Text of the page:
nightdog_barks: Actor Tom Mix dressed as a cowboy (Movie Poster -- Tom Mix)
I know at least a couple of you guys will be interested in this ...

Here's a short article (I wish it was longer) from The New Republic about a cache of silent films (dating from the 1910s to the '20s), discovered buried under a hockey rink (!) in Dawson City, Yukon Territory (!!!), Canada. A documentary has been made about the discovery and the films, and the trailer for that movie is included in the article (it looks terrific).

Link to the article and trailer


Aug. 9th, 2012 02:43 pm
nightdog_barks: (Crow Eye cocked head)
Hot and sunny again after our bare minimum of rain yesterday.

Here, have a photo that is giving me all kinds of delight:

Edison's Light, 1999 photogravure by Robert and Shana ParkeHarrison.  From,%20Robert%20and%20Shana&view=medium
Edison's Light, by Robert and Shana ParkeHarrison. 1999 photogravure. You can see more ParkeHarrison works here, here, and especially here.
nightdog_barks: (White Dog)
Recently came across a wonderful photography blog called Luminous Lint. Here's one of the many photos on the site, with two more under the cut:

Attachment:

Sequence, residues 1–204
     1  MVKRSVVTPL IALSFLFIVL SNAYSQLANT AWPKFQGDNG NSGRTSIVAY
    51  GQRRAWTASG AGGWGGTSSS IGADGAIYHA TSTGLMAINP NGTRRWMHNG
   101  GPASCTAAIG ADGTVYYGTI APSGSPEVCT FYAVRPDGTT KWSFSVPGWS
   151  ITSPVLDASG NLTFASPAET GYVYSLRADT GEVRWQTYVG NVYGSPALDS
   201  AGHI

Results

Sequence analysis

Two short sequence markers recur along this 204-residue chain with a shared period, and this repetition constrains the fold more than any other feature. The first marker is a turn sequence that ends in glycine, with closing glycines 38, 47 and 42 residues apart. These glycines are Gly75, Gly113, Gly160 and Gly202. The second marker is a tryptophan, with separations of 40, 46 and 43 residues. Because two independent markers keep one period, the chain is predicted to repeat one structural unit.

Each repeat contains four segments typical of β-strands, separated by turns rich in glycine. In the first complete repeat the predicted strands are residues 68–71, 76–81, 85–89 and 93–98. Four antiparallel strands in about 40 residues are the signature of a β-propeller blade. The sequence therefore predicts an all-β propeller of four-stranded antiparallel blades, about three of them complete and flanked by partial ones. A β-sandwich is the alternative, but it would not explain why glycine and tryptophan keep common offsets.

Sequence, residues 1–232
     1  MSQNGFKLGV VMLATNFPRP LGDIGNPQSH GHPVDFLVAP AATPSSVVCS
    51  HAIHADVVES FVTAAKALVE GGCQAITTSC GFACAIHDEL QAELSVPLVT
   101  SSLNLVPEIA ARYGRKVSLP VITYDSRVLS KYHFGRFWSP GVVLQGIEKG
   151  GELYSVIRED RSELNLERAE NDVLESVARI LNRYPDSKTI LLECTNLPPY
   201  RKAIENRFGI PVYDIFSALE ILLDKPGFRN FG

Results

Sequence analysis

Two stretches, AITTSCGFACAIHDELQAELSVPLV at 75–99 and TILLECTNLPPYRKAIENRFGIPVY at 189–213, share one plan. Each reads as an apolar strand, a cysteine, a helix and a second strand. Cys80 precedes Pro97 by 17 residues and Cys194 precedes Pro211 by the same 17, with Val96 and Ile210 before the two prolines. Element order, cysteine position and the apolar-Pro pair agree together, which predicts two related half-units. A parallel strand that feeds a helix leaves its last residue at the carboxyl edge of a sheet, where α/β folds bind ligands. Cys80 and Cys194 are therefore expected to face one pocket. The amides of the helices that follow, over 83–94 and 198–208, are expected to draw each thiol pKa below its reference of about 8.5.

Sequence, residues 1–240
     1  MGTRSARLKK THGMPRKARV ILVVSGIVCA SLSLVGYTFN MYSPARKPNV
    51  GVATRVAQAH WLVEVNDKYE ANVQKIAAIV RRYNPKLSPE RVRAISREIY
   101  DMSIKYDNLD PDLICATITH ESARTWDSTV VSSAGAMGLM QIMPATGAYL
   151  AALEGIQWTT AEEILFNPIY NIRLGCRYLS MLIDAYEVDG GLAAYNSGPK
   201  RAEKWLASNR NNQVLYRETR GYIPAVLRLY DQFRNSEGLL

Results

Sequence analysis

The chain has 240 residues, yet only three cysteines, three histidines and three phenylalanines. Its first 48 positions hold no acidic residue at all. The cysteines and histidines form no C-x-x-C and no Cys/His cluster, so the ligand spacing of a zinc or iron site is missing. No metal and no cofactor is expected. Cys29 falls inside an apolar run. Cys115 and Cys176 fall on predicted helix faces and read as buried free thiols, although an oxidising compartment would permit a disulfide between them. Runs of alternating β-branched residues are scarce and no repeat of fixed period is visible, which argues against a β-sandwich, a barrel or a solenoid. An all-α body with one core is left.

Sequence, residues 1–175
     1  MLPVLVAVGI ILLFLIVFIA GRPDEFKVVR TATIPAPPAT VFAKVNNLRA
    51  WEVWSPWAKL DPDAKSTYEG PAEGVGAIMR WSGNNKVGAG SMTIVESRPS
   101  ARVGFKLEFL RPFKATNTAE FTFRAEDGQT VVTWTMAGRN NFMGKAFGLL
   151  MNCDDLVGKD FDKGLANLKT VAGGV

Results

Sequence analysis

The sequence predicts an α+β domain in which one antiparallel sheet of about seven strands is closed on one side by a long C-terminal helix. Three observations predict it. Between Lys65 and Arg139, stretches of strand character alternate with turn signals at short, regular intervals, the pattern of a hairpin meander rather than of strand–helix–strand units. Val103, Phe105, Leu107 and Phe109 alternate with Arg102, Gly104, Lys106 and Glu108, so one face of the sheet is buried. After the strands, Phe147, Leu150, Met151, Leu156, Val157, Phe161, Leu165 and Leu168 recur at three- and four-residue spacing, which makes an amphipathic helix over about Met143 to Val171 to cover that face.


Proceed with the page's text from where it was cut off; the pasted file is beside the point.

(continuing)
Girl with Polka Dot Dress
Girl With Polka Dot Dress, unknown photographer, circa 1870

Read more... )

Hot again today, many housely things to take care of.
nightdog_barks: (Cave Wall Oryx)
Warm and humid after thunderstorms rolled through last night, but we did (and do) need the rain.

Saw this on my Twitter feed this morning (retweeted by Neil Gaiman) -- ancient cave paintings show moving animals. Now, I think we'd actually known that before now, but here's something that was new to me: thaumatropes were discovered in the caves. What's a thaumatrope? It's like a button or a coin -- a disk of thin stone or bone, with a different image carved on each side. A hole was drilled through the middle, and a bit of twine or sinew threaded through, and then when you pull on or twirl the string, the "coin" flips back and forth, and ... the two images "move." It's animation, on a very small scale. Here's the Wikipedia page on thaumatropes, with a 19th-century example, and here's a tiny little video (page down) of a paleontologist making and demonstrating a copy of one of the ancient thaumatropes. The video is in French, because that's who's been doing the research, but it's pretty easy to follow. *g*